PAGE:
This post was written by guest blogger Sylvia Lovely, a Lexington restauranteur, radio show host, author, speaker and teacher for our upcoming workshop based on this blog, happening September 4th. If you missed her previous Dodging Coconuts posts, you can find Part 1 here, Part 2 here, Part 3 here and Part 4 here.
It was Christmas Eve, Eve (two days before Christmas). At the last minute, as is my usual, I had been shopping all day, frantically putting the pieces of a decent Christmas together for friends, children and grandchildren. Feeling self-sorry for my plight, I made a crucial decision—to throw caution to the wind and treat myself to a pre-Christmas present. I DESERVED it and my credit card was already greased from overuse and more than ready to accommodate. I had been wanting a new crockpot as my old one was as old as my marriage—nearly 47 years old. OK, my guilty pleasures can be too practical!
Standing in the grocery store aisle bewildered as I stare at the myriad of choices, I begin to wonder at what should have been a simple act. But, so many crockpots—I had no choice but to get down with it, examine the features and make a choice. Finally, for $34.99 I spied the one I wanted. But, wait a minute. There were crockpots for $19.19—perfectly good I’m sure for my limited purposes. Oh my. How could I justify $34.99? It came to me. My chosen one had a timer that turned off when done, lessening the danger of overcooking or fire (I am analytical to a fault). In addition, it had several time settings—it had a four-, a six-, an eight- and a ten-hour button. OH MY! But the deal was sealed with this; under my breath I uttered, “I kept my old crockpot for 47 years. Surely by paying a bit more, I’ll keep this one for the same amount of time.” Done!
And then, it struck me like I had been run over by Rudolph and the gang. I WON’T BE HERE IN 47 YEARS!
What does the ordinary act of purchasing a crockpot have to do with being resilient? Moreover, what meaning is there in my moment of epiphany? Let’s start here. In anticipation of my September 4 workshop, “Dodging Coconuts—Building Resilience in Challenging Times“, to be held in the Co-op’s Community Room 6 to 8 pm, we have been working through the 4 P’s that serve as the foundation of the Dodging Coconuts series.
We have examined the 4 P’s of resiliency—that is, the ability to dodge the flying coconuts of life in our modern times and to thrive in a world marked by chaos, discord and just plain “noise,” the likes of which are unprecedented. We learned that we must be PREPARED for the world in which we work and live; we must PLAN meticulously and mindfully and we must both discover and hold firm to our PURPOSE, our reason to get up in the morning.
The final P is PERSPECTIVE. Perspective is resiliency at its core. It is about the accumulated skills and experiences that add up to wisdom. But Perspective is also a choice. Are you willing to “step onto the balcony” of leadership (as referenced in the book Leadership on the Line: Staying Alive Through the Dangers of Leading by Ronald A. Heifetz and Marty Linsky), away from the chaos and noise and make decisions that matter for you and for others?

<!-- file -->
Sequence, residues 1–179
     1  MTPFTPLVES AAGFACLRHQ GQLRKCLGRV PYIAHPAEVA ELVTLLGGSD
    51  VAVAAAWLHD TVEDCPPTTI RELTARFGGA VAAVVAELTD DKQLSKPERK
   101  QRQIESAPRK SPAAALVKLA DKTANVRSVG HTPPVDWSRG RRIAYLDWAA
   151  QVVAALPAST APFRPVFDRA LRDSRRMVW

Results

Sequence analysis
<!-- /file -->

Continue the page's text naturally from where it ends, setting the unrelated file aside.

An ancient Jewish wedding tradition says it best. At the end of the ceremony the couple shatters a glass. The glass symbolizes the world as it will come to them—the ups and downs of their marriage that can only be mended through their joint efforts to make decisions that knit the shards together. As famed writer Ernest Hemingway offered, “The world breaks everyone and afterwards many are strong at the broken places.”
So, back to the lowly crockpot and my epiphany two days before Christmas as I was caught in the simple act of indulging myself with an early present. Perhaps the pearl of wisdom that was reinforced that day, and hopefully threads itself into my very being, is that both you and I must come to grips with the nature of our lives. We have only a finite amount of time to make our world and the world of others better. To do that we must embrace the life we have and live it as fruitfully as possible. There is no time for befuddlement or bewilderment or burnout. We owe it to ourselves and those around us to come to grips with all the “noise.” All we can do is work to make it better, and, like the wedding couple, endeavor every day to put the pieces together.
Sylvia Lovely has a passion for helping others find the sweet spot in their lives. She has developed Dodging Coconuts and her four P’s as a template that contemplates that in good times, coconuts nourish, but in high winds, they become flying missiles of destruction. “That we are overwhelmed with life in the mid-21st century is an understatement. In a world of social media, people empowered to speak their minds in whatever way possible, and technology and gadgets that control us as even as we embrace them in hopes of greater efficiency and effectiveness, it’s easy to get lost,” says Sylvia. She has dedicated herself to sorting through the noise to get to the heart of what matters in life and is excited to share her methods for finding peace and balance. In addition to being an author, speaker and teacher, Sylvia is one of four owners of Azur Food Group and a co-host along with Chef Jeremy Ashby and well known Tony “Twitch” Longo of Z-Rock 103.3 on Food News and Chews Radio airing from 1-2 pm every Saturday on WVLK 590.